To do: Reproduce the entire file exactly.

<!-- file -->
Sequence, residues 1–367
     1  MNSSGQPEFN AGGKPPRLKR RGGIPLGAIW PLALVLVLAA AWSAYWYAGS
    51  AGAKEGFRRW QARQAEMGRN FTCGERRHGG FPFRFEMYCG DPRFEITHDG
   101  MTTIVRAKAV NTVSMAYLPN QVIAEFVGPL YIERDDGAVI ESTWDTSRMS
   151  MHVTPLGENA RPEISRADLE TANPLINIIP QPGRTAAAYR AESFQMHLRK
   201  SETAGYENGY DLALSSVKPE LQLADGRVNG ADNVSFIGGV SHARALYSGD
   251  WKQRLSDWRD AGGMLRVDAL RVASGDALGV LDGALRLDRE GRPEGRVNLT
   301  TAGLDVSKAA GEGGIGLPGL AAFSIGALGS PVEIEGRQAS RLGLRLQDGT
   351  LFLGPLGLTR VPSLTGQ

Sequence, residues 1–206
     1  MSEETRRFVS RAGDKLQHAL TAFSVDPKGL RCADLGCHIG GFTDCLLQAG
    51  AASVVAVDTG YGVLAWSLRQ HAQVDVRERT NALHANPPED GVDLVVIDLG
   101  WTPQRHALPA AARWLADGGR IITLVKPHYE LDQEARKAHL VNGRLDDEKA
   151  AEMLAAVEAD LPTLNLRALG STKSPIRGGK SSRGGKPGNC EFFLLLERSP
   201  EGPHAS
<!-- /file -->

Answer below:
Sequence, residues 1–367
     1  MNSSGQPEFN AGGKPPRLKR RGGIPLGAIW PLALVLVLAA AWSAYWYAGS
    51  AGAKEGFRRW QARQAEMGRN FTCGERRHGG FPFRFEMYCG DPRFEITHDG
   101  MTTIVRAKAV NTVSMAYLPN QVIAEFVGPL YIERDDGAVI ESTWDTSRMS
   151  MHVTPLGENA RPEISRADLE TANPLINIIP QPGRTAAAYR AESFQMHLRK
   201  SETAGYENGY DLALSSVKPE LQLADGRVNG ADNVSFIGGV SHARALYSGD
   251  WKQRLSDWRD AGGMLRVDAL RVASGDALGV LDGALRLDRE GRPEGRVNLT
   301  TAGLDVSKAA GEGGIGLPGL AAFSIGALGS PVEIEGRQAS RLGLRLQDGT
   351  LFLGPLGLTR VPSLTGQ

Sequence, residues 1–206
     1  MSEETRRFVS RAGDKLQHAL TAFSVDPKGL RCADLGCHIG GFTDCLLQAG
    51  AASVVAVDTG YGVLAWSLRQ HAQVDVRERT NALHANPPED GVDLVVIDLG
   101  WTPQRHALPA AARWLADGGR IITLVKPHYE LDQEARKAHL VNGRLDDEKA
   151  AEMLAAVEAD LPTLNLRALG STKSPIRGGK SSRGGKPGNC EFFLLLERSP
   201  EGPHAS